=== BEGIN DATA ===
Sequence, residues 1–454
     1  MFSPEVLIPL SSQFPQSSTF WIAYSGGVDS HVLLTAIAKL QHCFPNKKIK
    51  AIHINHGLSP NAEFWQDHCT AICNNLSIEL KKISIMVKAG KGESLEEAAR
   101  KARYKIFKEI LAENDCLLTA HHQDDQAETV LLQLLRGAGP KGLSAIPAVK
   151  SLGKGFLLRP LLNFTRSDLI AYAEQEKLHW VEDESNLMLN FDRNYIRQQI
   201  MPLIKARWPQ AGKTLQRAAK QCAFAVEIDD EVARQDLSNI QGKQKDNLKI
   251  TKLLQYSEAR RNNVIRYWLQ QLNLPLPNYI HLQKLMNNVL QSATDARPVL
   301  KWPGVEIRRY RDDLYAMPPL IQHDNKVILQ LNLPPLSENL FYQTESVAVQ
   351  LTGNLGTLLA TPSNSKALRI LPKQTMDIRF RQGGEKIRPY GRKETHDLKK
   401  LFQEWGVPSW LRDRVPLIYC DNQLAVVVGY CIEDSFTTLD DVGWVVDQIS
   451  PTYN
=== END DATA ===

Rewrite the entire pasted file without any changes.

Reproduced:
Sequence, residues 1–454
     1  MFSPEVLIPL SSQFPQSSTF WIAYSGGVDS HVLLTAIAKL QHCFPNKKIK
    51  AIHINHGLSP NAEFWQDHCT AICNNLSIEL KKISIMVKAG KGESLEEAAR
   101  KARYKIFKEI LAENDCLLTA HHQDDQAETV LLQLLRGAGP KGLSAIPAVK
   151  SLGKGFLLRP LLNFTRSDLI AYAEQEKLHW VEDESNLMLN FDRNYIRQQI
   201  MPLIKARWPQ AGKTLQRAAK QCAFAVEIDD EVARQDLSNI QGKQKDNLKI
   251  TKLLQYSEAR RNNVIRYWLQ QLNLPLPNYI HLQKLMNNVL QSATDARPVL
   301  KWPGVEIRRY RDDLYAMPPL IQHDNKVILQ LNLPPLSENL FYQTESVAVQ
   351  LTGNLGTLLA TPSNSKALRI LPKQTMDIRF RQGGEKIRPY GRKETHDLKK
   401  LFQEWGVPSW LRDRVPLIYC DNQLAVVVGY CIEDSFTTLD DVGWVVDQIS
   451  PTYN